If voters reject the graduated tax, adjustments will have to be made to Pritzker’s proposed budget. That would mean that the proposed increases for universities and community colleges would not materialize.
Fine. Make the adjustments. If you can't figure out this goes WAY beyond taxes, you need to wake up. I'm not voting for a "fair" tax - the flat tax is good by me. (4.95% of 6 or 7 figures is more than 4.95% of 5 figures, I don't care if you are using common core math). Kiss my grits, Pritzker.
User avatar
Tere North
Posts: 1019
Joined: Wed Apr 16, 2014 10:59 pm

rocki wrote:
Thu Feb 20, 2020 12:19 pm
wiu712 wrote:
Thu Feb 20, 2020 8:27 am
Gov. JB Pritzker used his second budget speech Wednesday to promise more money for education, child welfare, and public safety while adding a very big “but” to his list of spending priorities for next year.

That “but” was that a large portion of those spending increases could be reduced or outright disappear if voters don’t approve his signature graduated income tax proposal in November.

If voters approve the graduated tax, it would take effect Jan. 1 and generate an estimated $1.4 billion for the state through June 30, 2021, the end of the next fiscal year.

If voters reject the graduated tax, adjustments will have to be made to Pritzker’s proposed budget. That would mean that the proposed increases for universities and community colleges would not materialize.
Fine. Make the adjustments. If you can't figure out this goes WAY beyond taxes, you need to wake up. I'm not voting for a "fair" tax - the flat tax is good by me. (4.95% of 6 or 7 figures is more than 4.95% of 5 figures, I don't care if you are using common core math). Kiss my grits, Pritzker.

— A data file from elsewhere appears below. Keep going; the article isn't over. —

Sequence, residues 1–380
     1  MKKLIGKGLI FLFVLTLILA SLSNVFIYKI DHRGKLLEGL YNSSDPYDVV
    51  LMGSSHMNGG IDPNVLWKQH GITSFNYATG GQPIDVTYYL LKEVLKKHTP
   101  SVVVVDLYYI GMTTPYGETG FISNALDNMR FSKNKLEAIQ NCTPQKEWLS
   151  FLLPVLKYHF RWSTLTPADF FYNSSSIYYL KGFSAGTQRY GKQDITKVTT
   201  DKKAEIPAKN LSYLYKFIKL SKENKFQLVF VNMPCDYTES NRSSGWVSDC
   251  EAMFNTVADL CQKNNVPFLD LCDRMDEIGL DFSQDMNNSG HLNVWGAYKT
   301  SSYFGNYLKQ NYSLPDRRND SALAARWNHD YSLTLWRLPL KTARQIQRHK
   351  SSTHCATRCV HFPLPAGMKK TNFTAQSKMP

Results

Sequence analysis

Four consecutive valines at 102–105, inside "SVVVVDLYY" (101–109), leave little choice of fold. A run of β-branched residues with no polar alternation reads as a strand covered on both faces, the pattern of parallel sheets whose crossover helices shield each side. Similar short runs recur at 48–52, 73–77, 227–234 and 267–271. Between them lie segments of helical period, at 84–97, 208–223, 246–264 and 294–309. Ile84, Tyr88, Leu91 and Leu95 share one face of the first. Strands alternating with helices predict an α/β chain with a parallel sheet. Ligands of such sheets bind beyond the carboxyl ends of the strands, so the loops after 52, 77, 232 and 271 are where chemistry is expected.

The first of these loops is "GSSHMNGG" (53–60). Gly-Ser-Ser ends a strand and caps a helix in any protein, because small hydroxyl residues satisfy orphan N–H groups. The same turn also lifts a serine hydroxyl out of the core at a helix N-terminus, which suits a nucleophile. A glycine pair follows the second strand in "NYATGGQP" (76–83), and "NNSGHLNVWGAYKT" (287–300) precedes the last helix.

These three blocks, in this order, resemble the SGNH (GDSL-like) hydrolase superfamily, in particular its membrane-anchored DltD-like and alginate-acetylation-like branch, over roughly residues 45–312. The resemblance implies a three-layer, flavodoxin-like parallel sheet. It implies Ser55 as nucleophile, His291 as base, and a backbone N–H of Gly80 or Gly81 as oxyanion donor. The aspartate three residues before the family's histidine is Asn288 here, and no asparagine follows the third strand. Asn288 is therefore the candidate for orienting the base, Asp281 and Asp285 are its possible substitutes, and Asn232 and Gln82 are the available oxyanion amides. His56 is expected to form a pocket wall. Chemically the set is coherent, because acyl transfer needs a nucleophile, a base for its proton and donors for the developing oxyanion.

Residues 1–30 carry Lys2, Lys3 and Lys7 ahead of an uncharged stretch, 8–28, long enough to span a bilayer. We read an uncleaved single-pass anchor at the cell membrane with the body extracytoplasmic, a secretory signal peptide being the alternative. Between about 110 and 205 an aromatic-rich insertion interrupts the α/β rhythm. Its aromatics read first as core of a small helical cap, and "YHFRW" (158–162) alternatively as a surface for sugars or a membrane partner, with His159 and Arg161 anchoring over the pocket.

But, you wouldn't be paying 4.95% of 5 figures.
The first 10k you make would be would taxed at 4.75%
Anything you make from 10,001 to 100k would be taxed at 4.9%
Anything you make from 100,001 to 250k would be taxed at 4.95%

So, even if you make 250k, you'd see a slight decrease because the amount 100k and under would be taxed at a lower rate.

Plus, your property tax credit goes up from 5% to 6%.

The jump is at 250,001 to 500k, with that amount at 7.75% (single cut off is at 350k) and 500,001 to 1M at 7.85%, and over 1M at 7.99%.
rocki
Posts: 1001
Joined: Sat Apr 19, 2014 9:08 pm

Tere North wrote:
Thu Feb 20, 2020 2:59 pm
rocki wrote:
Thu Feb 20, 2020 12:19 pm
wiu712 wrote:
Thu Feb 20, 2020 8:27 am
Gov. JB Pritzker used his second budget speech Wednesday to promise more money for education, child welfare, and public safety while adding a very big “but” to his list of spending priorities for next year.

That “but” was that a large portion of those spending increases could be reduced or outright disappear if voters don’t approve his signature graduated income tax proposal in November.

If voters approve the graduated tax, it would take effect Jan. 1 and generate an estimated $1.4 billion for the state through June 30, 2021, the end of the next fiscal year.

If voters reject the graduated tax, adjustments will have to be made to Pritzker’s proposed budget. That would mean that the proposed increases for universities and community colleges would not materialize.
Fine. Make the adjustments. If you can't figure out this goes WAY beyond taxes, you need to wake up. I'm not voting for a "fair" tax - the flat tax is good by me. (4.95% of 6 or 7 figures is more than 4.95% of 5 figures, I don't care if you are using common core math). Kiss my grits, Pritzker.
But, you wouldn't be paying 4.95% of 5 figures.
The first 10k you make would be would taxed at 4.75%
Anything you make from 10,001 to 100k would be taxed at 4.9%
Anything you make from 100,001 to 250k would be taxed at 4.95%